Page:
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CHARLOTTE ROWE BRINGS ‘NO MANS LAND’ GARDEN TO RHS CHELSEA

Award-winning garden designer Charlotte Rowe will create a show garden to mark the centenary of World War One for the British Army’s national Charity, ABF The Soldiers’ Charity, at the RHS Chelsea 2014. The garden is supported by private bank Coutts and global engineering and construction company, Bechtel, and will be constructed by Outdoor Options Ltd.

The ABF The Soldiers’ Charity Garden is a conceptual representation of the landscape of World War One. Titled ‘No Man’s Land’, it is designed to serve as a poignant reminder of the challenges and hardships faced by soldiers 100 years ago, while highlighting the work of The Soldiers’ Charity today in helping soldiers, veterans and their families facing adversities.

Charlotte Rowe, whose grandmother was awarded the Military Medal for Bravery in World War One, explains:  “The garden will reflect how the landscape of the Western Front, though changed forever, has regenerated and ‘healed’. This is a metaphor for the effect of war on the human body and spirit and its capacity to recover from the trauma of war.”

The design concept represents several elements of the landscape of the chalk downlands of the Somme where many WW1 battles were fought.  These include:

  • A grass mound which refers to the Butte de Warlencourt an ancient burial mound held for most of the War by the Germans and which came to be seen as a symbol by the Allied forces of the menace of the Germans.
  • A water basin which represents the many deep circular mine craters which lie all over the Western Front and which now have become peaceful havens for plants and wildlife.
  • An area of mixed native and ornamental planting amongst limestone setts which represents the villages and towns which were destroyed or badly damaged during the conflict.  This ‘lost gardens’ area reminds us of the private gardens of the people living in those communities.
  • An excavated area below ground and a number of grass mounds which remind us of the trench and tunnel networks which ran through the area and which can still be detected today.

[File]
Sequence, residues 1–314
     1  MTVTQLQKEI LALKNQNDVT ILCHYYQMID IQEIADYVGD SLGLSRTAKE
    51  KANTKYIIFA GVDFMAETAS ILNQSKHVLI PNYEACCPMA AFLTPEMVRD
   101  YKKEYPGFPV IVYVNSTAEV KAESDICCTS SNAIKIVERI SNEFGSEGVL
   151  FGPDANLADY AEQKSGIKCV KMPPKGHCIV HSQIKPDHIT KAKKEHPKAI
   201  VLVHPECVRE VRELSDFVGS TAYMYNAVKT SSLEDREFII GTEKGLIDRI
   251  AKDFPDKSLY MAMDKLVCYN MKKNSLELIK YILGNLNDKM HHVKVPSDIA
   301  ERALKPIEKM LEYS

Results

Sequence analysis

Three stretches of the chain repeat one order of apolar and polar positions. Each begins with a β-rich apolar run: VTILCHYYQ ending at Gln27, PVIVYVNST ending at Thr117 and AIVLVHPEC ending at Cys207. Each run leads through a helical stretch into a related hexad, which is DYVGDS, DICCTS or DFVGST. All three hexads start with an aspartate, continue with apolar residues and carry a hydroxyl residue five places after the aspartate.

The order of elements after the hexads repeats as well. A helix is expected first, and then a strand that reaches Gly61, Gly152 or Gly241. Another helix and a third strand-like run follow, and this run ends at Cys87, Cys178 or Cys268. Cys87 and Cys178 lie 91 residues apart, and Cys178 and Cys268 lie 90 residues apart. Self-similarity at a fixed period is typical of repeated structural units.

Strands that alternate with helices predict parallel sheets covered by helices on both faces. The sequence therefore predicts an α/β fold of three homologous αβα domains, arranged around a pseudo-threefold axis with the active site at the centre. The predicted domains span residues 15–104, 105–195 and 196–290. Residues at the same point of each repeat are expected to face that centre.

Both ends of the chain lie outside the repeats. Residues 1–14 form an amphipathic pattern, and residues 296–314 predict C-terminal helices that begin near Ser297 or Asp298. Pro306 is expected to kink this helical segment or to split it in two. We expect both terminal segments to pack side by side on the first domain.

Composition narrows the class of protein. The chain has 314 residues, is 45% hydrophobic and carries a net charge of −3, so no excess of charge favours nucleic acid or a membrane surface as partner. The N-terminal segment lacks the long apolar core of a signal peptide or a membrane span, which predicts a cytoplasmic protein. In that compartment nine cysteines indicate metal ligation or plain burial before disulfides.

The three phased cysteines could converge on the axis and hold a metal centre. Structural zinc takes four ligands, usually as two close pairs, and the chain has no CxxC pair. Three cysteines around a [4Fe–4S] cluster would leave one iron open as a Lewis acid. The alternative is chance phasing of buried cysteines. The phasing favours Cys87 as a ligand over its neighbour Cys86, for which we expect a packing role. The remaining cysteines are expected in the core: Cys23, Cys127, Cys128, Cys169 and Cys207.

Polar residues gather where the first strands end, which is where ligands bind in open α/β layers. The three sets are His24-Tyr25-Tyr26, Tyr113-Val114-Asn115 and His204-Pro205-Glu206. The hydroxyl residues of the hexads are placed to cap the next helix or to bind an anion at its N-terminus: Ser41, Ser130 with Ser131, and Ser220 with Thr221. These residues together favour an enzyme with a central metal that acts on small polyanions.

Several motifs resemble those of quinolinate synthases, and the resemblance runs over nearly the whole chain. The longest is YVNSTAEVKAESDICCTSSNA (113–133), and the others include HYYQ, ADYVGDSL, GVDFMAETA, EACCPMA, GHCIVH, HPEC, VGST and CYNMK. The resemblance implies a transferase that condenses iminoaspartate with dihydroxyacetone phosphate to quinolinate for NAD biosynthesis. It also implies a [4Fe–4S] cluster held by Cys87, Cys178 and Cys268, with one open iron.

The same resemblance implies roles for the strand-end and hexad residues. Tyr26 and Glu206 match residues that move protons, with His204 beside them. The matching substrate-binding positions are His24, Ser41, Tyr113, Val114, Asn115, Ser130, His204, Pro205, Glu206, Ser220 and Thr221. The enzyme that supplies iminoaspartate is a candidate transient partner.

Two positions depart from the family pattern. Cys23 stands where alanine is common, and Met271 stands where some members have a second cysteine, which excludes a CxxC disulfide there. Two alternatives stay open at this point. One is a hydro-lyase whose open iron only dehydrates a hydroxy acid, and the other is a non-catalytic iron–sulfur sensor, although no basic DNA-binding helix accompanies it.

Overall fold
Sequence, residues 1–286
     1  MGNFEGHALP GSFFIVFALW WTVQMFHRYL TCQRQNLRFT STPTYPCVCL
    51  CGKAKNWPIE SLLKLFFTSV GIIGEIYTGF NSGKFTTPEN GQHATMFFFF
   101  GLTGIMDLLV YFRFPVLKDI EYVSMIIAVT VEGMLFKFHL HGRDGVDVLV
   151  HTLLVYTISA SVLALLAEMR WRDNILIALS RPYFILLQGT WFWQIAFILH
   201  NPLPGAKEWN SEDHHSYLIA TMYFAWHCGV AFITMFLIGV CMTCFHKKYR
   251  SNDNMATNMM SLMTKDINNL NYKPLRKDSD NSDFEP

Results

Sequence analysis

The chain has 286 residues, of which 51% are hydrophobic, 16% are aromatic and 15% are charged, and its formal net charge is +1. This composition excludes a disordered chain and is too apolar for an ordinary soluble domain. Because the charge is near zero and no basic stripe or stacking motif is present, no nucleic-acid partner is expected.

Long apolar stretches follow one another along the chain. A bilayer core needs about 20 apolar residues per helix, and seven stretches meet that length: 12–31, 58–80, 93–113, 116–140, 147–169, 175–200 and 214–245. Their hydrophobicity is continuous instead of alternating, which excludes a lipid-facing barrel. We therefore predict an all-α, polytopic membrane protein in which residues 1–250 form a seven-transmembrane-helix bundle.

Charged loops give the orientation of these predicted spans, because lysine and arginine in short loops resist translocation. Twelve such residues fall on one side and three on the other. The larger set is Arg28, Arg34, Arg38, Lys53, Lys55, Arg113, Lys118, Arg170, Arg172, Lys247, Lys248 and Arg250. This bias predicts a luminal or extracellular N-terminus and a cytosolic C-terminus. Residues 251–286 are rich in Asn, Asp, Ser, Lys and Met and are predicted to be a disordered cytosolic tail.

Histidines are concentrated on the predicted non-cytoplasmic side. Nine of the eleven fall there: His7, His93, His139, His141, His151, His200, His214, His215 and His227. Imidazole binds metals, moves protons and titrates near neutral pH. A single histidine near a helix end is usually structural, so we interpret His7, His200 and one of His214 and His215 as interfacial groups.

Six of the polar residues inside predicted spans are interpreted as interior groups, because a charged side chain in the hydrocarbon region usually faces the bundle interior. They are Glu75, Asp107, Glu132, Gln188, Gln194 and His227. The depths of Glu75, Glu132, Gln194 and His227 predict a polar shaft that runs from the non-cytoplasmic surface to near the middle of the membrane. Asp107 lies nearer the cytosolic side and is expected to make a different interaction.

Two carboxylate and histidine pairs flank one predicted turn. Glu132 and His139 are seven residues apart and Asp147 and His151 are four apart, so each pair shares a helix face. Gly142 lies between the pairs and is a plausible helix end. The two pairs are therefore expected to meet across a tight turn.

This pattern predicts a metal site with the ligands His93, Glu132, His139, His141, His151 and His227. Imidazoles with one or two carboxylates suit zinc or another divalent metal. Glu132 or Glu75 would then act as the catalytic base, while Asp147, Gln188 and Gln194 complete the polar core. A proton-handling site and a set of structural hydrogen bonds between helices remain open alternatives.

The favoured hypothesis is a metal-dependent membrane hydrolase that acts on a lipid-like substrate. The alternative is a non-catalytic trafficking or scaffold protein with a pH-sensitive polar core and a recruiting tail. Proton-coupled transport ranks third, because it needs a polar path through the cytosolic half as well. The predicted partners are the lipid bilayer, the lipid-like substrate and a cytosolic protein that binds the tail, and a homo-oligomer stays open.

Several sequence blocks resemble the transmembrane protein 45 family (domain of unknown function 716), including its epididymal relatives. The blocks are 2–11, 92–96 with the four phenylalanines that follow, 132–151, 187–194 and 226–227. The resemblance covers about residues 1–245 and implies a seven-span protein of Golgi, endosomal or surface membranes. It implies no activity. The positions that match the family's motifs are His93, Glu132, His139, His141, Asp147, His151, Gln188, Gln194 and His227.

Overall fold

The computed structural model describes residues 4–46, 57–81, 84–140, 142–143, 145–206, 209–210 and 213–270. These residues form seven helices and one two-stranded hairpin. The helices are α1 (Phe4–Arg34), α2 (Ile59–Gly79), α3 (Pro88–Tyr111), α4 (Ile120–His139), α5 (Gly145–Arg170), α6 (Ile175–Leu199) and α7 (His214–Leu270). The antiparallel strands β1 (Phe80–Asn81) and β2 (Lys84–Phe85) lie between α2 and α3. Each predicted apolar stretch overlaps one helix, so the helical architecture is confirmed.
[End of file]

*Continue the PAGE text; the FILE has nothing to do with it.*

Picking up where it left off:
• A long feature wall along one boundary which references the many fortifications and pillboxes still found along the Western Front.  The central plinth has a long slit which reminds us of the firing and viewing platforms in the trenches.

This will be the first time that both Charlotte Rowe and ABF The Soldiers’ Charity have staged a show garden at RHS Chelsea.  The Charity’s Chief Executive, Maj Gen (Ret’d) Martin Rutledge commented: “The garden offers the opportunity to reflect on the experience of soldiers during World War One, and reminds us of the hardships they endured. The title ‘No Man’s Land’ not only reflects the historic experience but also has resonance today.  Today’s reality is that any soldier, veteran or family member can find themselves in a kind of ‘No Man’s Land.’  The Soldiers’ Charity exists to support them in those times of greatest need.

The idea that soldiers can feel they are in a ‘No Man’s Land’ when they leave the Army is very powerful, especially if they leave as the result of injury or redundancy. We are seeing increasing demand for help with employment and training at the moment, and it is during this transition period we as a Charity are increasingly stepping in to help.”

As the British Army’s national Charity, The Soldiers’ Charity provides financial grants to individuals, and gives grants to specialist charities which support the wider Army family.

The Charity has worked with soldiers, veterans and Army families since 1944, providing support in times of need. Their oldest beneficiary last year was 108, the youngest just a few months old.

 

 

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